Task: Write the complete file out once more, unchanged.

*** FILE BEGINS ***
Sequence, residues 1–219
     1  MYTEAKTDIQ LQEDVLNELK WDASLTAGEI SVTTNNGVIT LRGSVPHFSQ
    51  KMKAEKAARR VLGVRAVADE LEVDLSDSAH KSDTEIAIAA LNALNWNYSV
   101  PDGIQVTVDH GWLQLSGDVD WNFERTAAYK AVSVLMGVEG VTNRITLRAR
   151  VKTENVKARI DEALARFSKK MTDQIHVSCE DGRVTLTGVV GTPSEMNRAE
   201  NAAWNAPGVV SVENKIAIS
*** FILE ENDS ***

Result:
Sequence, residues 1–219
     1  MYTEAKTDIQ LQEDVLNELK WDASLTAGEI SVTTNNGVIT LRGSVPHFSQ
    51  KMKAEKAARR VLGVRAVADE LEVDLSDSAH KSDTEIAIAA LNALNWNYSV
   101  PDGIQVTVDH GWLQLSGDVD WNFERTAAYK AVSVLMGVEG VTNRITLRAR
   151  VKTENVKARI DEALARFSKK MTDQIHVSCE DGRVTLTGVV GTPSEMNRAE
   201  NAAWNAPGVV SVENKIAIS